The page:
In wine and food pairing, a lot of attention is given to flavor matching. We seek wines that match the flavor profile of the dish. Earthy wines go with earthy foods, herbaceous wines with a salad, wines with a briny flavor note go with seafood, etc. While this relationship is important to create that magical synergy that the best pairings have I think it’s a mistake to begin with this relationship. It’s seldom the case that your choice of wine will have a negative influence on your food. But it’s rather common for food to ruin the flavor of wine. And its taste, not flavor, that is the culprit in pairing disasters. In other words, the most important thing to know is how the presence of the 5 basic tastes in your dish will impact the wine.
Here are the basic relationships to know:
1. The most important factor to assess is how sweet your dish is. Sweet food will make your wine taste thin and sour. Serve a sweet sauce with a $150 Barolo and you might as well pour the wine down the drain. The wine must be sweeter than your food.
2. Foods with high acid (sour or tart foods) will make the wine taste sweeter and softer. Try tasting a bit of lemon with a wine to observe this effect. The sourness in the food seems to mask the sourness in the wine.
3. Salt also makes wine tastes softer and brings out fruit notes. Is there anything better than potato chips with sparkling wine?
4. Bitter foods will boost the bitterness and astringency of a wine, especially red wines with lots of tannins. Try walnuts with a young, tannic wine to observe this. Bitter foods are better served with white wines that lack tannins.
5. Umami can be tricky. Umami will boost every flavor. That can be good or bad. Umami can boost bitterness and acidity throwing the wine out of balance. It can make oaked wines taste too oaky. But umami also boosts umami. Foods full of umami can make an aged wine taste wonderful because aged wines have lots of umami.
Of course the amount and intensity of a taste and how dominant it is will be crucial information to think about.
This is obviously not all there is to wine pairing. Matching the weight of food and wine is important as well. But if you keep in mind these basic relationships you can avoid most pairing disasters.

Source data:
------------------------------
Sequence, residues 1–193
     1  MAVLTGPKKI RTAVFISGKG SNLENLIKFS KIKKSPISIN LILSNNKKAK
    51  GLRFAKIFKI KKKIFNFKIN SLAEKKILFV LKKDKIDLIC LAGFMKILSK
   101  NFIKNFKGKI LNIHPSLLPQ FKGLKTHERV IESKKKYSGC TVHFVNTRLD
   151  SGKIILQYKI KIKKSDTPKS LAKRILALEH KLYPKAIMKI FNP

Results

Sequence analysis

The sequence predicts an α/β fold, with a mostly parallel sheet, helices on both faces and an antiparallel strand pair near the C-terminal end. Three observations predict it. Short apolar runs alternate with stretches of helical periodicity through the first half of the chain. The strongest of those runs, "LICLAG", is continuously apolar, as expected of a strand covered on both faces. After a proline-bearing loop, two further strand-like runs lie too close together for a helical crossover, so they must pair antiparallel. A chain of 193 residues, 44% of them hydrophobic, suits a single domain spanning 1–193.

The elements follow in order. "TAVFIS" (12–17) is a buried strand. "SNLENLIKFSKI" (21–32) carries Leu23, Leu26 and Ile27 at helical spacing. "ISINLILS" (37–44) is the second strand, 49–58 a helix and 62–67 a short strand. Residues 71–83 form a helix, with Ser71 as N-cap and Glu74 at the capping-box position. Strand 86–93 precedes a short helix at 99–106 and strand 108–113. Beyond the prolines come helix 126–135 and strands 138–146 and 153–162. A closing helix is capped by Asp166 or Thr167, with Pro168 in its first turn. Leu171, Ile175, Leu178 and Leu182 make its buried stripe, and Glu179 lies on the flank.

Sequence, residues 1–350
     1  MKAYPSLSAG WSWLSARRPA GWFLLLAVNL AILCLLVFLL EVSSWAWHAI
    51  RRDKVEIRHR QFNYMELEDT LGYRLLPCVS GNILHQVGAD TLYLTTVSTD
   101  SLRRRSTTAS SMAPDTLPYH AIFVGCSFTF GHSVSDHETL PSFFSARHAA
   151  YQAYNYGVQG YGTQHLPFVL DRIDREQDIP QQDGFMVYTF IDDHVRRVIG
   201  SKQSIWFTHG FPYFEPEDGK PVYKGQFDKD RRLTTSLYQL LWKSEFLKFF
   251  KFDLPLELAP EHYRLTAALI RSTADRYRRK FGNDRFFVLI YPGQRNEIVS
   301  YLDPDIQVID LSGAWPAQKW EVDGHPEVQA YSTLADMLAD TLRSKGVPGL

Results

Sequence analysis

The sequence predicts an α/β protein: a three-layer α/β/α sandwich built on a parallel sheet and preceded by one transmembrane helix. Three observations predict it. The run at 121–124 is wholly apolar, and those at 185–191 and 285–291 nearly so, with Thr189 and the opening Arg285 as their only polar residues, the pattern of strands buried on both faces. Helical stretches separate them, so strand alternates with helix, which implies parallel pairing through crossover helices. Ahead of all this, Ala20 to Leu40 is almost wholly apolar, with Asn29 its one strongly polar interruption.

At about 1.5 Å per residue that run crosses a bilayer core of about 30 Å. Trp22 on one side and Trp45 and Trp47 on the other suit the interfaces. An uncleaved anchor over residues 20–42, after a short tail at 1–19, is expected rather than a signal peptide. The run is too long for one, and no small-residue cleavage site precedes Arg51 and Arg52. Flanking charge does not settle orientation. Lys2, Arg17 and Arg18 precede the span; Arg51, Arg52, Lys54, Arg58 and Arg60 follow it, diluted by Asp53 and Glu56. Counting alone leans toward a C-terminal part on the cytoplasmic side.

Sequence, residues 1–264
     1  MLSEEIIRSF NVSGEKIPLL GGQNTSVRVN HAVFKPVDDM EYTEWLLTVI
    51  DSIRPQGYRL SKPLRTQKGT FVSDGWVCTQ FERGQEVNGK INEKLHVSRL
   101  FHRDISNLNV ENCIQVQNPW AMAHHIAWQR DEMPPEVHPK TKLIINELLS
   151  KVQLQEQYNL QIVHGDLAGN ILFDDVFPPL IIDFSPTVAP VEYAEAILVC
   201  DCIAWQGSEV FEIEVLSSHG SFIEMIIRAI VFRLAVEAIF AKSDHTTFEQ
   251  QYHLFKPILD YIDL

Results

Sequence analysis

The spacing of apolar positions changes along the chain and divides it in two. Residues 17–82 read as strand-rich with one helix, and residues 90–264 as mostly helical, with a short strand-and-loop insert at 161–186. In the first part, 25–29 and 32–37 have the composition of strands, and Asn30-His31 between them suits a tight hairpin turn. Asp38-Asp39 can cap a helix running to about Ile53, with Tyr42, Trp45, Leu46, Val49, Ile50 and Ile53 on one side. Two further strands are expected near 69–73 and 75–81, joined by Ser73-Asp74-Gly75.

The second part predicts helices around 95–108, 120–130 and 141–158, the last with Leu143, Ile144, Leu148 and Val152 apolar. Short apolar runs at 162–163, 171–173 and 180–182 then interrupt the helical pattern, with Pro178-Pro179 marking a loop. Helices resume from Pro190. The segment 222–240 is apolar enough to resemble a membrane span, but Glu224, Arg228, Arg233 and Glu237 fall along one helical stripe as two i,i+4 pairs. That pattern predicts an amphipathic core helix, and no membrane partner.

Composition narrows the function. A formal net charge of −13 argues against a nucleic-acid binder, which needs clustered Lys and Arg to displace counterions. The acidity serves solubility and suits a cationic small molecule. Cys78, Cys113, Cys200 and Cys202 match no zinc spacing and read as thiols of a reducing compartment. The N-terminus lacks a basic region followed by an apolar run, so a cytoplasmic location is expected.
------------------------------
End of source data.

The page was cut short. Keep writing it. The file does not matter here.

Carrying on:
Texas is best known for smoked brisket. Unlike Kansas City-style brisket, Texans don’t drench it in sauce. In fact, at Kreuz Market in Lockhart, perhaps the best-known barbecue joint in the country, they only started offering sauce two years ago. This place is about as old-school as you can get. The meat is served on butcher block paper and with a knife. The forks are plastic, for eating their German potato salad.
Where’s the best barbecue in Texas? Kreuz Market has the history, having been in business since 1900, but I found their brisket too dry, even with the sauce. Franklin in Austin has the current big reputation but they had a fire and were closed when we visited. My favorite was Cooper’s Old Time Pit Bar-B-Q in Llano. Just the right ratio of crispy crust on the outside and tender melting beef on the inside and with an outstanding pepper based sauce to rival the best in Kansas City. When you arrive you line up at the pit and pick the piece of meat you want.
Texas Chili is another beef obsession. Texans insist that beans in chili are an abomination. And you know what? They’re right. Beans are a distraction when you’re looking for pure beefy essence. Tolbert’s in Grapevine, north of Dallas, has a good Texas chili.
For pure Texas excess, its hard to beat John Tresor’s monster 240-day aged Ribeye at Knife in Dallas (pictured above). It tasted like it was basted in gorgonzola, a little funky, but there’s nothing wrong with funk.
Even Texas peasant food is beefy. Chicken-fried steak is an art form at Hill Country Cupboard in Johnson City, where self-deprecation is taken to a new level. Their sign says “Best Chicken Fried Steak in the World (over 3 dozen sold)”. It’s tender with a crunchy crust, and a creamy gravy packed with cracked pepper.